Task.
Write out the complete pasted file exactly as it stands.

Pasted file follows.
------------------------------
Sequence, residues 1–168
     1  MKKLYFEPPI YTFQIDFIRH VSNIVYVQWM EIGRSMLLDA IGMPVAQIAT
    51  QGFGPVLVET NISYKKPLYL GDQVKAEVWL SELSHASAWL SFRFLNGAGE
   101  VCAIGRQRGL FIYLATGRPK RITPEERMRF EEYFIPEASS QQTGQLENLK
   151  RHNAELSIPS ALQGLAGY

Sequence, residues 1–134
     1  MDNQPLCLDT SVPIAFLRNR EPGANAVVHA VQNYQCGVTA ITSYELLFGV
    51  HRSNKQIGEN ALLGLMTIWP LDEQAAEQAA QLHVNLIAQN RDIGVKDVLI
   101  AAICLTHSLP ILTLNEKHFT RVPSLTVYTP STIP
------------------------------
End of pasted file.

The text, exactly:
Sequence, residues 1–168
     1  MKKLYFEPPI YTFQIDFIRH VSNIVYVQWM EIGRSMLLDA IGMPVAQIAT
    51  QGFGPVLVET NISYKKPLYL GDQVKAEVWL SELSHASAWL SFRFLNGAGE
   101  VCAIGRQRGL FIYLATGRPK RITPEERMRF EEYFIPEASS QQTGQLENLK
   151  RHNAELSIPS ALQGLAGY

Sequence, residues 1–134
     1  MDNQPLCLDT SVPIAFLRNR EPGANAVVHA VQNYQCGVTA ITSYELLFGV
    51  HRSNKQIGEN ALLGLMTIWP LDEQAAEQAA QLHVNLIAQN RDIGVKDVLI
   101  AAICLTHSLP ILTLNEKHFT RVPSLTVYTP STIP